Archives of Medicine and Surgery

: 2017  |  Volume : 2  |  Issue : 2  |  Page : 48--54

Assessment of tetanus toxoid coverage among women of reproductive age in Kwarbai, Zaria

Zainab Kwaru Muhammad-Idris1, Adamu Usman Shehu2, Fadila Maryam Isa2,  
1 Department of Community Medicine, Ahmadu Bello University Teaching Hospital, Zaria; Department of Community Medicine, Kaduna State University, Kaduna, Kaduna State, Nigeria
2 Department of Community Medicine, Ahmadu Bello University Teaching Hospital, Zaria, Kaduna State, Nigeria

Correspondence Address:
Dr. Zainab Kwaru Muhammad-Idris
Department of Community Medicine, Ahmadu Bello University Teaching Hospital, Shika, Zaria, Kaduna State


Context: The World Health Organization 2013 estimates revealed 49,000 newborns died from neonatal tetanus (NT), a 94% reduction from the late 1980s. Over 24 countries, including Nigeria, have still not reached maternal and NT elimination status. Aims: The aims of the study were to assess knowledge and determine the extent of tetanus toxoid (TT) coverage among women of reproductive age in Kwarbai, Zaria, challenged by effects of tetanus and inadequate vaccination. Settings and Design: Kwarbai is essentially an agrarian, trading, and blacksmithing Hausa Muslim-dominated community with rich culture exhibited in its creations, festivals, and local events that bring together people from all over to socialize and share information. Subjects and Methods: The cross-sectional descriptive study was conducted between December 2014 and January 2015. Semi-structured, interviewer and self-administered questionnaires were used to obtain data on reported findings. Statistical Analysis Used: Statistical Package for the Social Sciences software SPSS® version 20 was used. Descriptive statistic measures presented as tables and graphs. Chi-square was applied for the comparison of proportions and associations between categorical variables. Results: Respondents' median age was 27 years, Hausa/Fulani (99%), Muslims (100%), married (82%), have more than four children (25%), and half attained tertiary education (54%). Women, 20–34 years, received more than one dose with education as major determinant of immunization uptake. Although level of TT knowledge is high, very few received the recommended five doses. Misconceptions linked to perceived benefits of the vaccine, route of administration, being a contraceptive and religion were some of the factors that reported to hinder respondents' uptake of the TT vaccine. Unavailability/short supply (81.8%) identified as reason for not receiving vaccine at health facilities. Conclusions: Despite high knowledge, completion of recommended doses of TT vaccine was not guaranteed due to stock-outs coupled with detrimental cultural and religious beliefs.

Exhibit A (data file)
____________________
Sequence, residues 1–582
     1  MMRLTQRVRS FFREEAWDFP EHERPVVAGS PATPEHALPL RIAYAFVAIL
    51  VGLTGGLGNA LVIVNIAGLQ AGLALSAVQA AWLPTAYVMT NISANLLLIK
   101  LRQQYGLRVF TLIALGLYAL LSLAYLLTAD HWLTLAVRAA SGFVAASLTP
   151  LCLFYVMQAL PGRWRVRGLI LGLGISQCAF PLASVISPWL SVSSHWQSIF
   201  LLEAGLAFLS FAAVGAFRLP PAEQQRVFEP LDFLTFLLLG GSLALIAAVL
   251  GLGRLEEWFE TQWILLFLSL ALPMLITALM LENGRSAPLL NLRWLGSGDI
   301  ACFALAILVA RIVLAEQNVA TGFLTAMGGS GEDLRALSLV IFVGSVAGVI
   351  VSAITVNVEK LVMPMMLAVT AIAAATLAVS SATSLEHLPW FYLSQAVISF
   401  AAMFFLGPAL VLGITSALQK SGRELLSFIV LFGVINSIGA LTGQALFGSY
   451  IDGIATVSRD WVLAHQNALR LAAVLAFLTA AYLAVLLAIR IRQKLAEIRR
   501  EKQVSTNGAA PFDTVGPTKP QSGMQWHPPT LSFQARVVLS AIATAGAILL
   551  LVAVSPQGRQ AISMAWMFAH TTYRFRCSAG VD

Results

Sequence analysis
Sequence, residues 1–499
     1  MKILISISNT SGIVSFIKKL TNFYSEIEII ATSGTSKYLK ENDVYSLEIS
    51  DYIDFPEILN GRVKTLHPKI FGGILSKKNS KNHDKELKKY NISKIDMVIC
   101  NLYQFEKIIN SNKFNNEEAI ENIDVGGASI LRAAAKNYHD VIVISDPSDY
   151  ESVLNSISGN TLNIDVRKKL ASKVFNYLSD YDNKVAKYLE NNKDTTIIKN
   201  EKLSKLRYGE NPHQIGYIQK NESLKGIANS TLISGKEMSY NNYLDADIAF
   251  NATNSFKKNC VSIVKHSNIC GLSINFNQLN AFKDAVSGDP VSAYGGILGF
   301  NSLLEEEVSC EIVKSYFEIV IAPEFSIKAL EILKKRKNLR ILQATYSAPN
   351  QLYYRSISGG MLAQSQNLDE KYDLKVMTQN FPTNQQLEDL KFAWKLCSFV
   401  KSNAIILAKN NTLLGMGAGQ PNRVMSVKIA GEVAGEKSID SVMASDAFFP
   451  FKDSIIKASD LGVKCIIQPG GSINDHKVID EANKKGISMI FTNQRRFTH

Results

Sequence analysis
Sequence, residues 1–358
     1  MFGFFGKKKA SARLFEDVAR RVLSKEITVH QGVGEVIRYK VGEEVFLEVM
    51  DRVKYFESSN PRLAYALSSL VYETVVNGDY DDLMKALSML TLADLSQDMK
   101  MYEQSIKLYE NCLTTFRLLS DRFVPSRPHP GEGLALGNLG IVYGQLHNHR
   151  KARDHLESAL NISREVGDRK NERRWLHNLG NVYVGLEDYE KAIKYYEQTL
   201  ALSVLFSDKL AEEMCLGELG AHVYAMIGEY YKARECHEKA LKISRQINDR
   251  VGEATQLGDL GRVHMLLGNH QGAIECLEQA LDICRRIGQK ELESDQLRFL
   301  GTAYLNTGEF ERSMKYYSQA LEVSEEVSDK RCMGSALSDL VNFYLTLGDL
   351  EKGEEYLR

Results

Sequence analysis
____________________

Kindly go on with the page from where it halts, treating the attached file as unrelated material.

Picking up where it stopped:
How to cite this article:
Muhammad-Idris ZK, Shehu AU, Isa FM. Assessment of tetanus toxoid coverage among women of reproductive age in Kwarbai, Zaria.Arch Med Surg 2017;2:48-54

How to cite this URL:
Muhammad-Idris ZK, Shehu AU, Isa FM. Assessment of tetanus toxoid coverage among women of reproductive age in Kwarbai, Zaria. Arch Med Surg [serial online] 2017 [cited 2024 Feb 25 ];2:48-54
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Worldwide, tetanus kills an estimated 180,000 neonates (about 5% of all neonatal deaths [2002 data] and up to 30,000 women (about 5% of all maternal deaths) each year.[1],[2] If the mother is not immunized with the correct number of doses of tetanus toxoid (TT) vaccine, neither she nor her newborn infant is protected against tetanus at delivery.[2] The World Health Organization (WHO) estimates that only 5% of neonatal tetanus (NT) cases are reported, even from countries with well-developed surveillance systems. Since 1989, when the world health assembly called for the elimination of NT, 110 out of 161 developing countries are thought to have achieved elimination (as of the end of 2004). The UNICEF, WHO, and UNFPA agreed in 1999 to set the year 2005 as the target date for worldwide elimination, defined as the reduction of NT cases to <1/1000 live births in every district of every country. This definition is also being used as a proxy for the elimination of maternal tetanus.[2],[3]

The purpose of giving the vaccine to women of childbearing age and to pregnant women is to protect them from tetanus and to protect their newborn infants against NT.[4],[5] Tetanus vaccination produces protective antibody levels in >80% of recipients after two doses.[3],[4] Two doses protect for 1–3 years, although some studies indicate even longer protection.[6] Tetanus vaccine is safe to give during pregnancy.[5],[7] Because tetanus spores are ubiquitous in the environment, eradication is not biologically feasible. High immunization coverage of pregnant women, clean delivery, and identification and implementation of corrective action in high-risk areas are the three primary strategies for eliminating maternal and NT (MNT). Antenatal services provide a convenient opportunity for vaccinating pregnant women.[8],[9] Where antenatal care (ANC) coverage is inadequate, mass immunization of women of childbearing age could be an alternative though expensive option.[4],[7],[10]

Effective surveillance is crucial to monitoring progress and is possible even where resources are scarce.[11] However, obtaining complete and reliable data has proven to be difficult as shown by the low efficacy of reporting. Recent observations have shown that the risk of death from NT may be directly related to poor or inadequate anti-tetanus vaccination of the mothers.[12]

According to the WHO, Nigeria is one of 30 remaining high-risk countries that is yet to achieve the MNT Elimination (MNTE) goal. Available data indicate that 18 states (out of 37) are at risk for MNT. Many hospital-based studies have identified NT as a problem of high magnitude in Nigeria.[13] MNTE is an initiative aimed at reducing MNT cases to such low levels that the disease no longer constitutes a major public health problem. Unlike polio and smallpox, tetanus cannot be eradicated. This is because tetanus spores are constantly present in the environment worldwide. However, this can be reduced to manageable levels and eliminated through immunization of pregnant women and other women of reproductive age (WRA) and promotion of more hygienic deliveries and cord care practices.[14]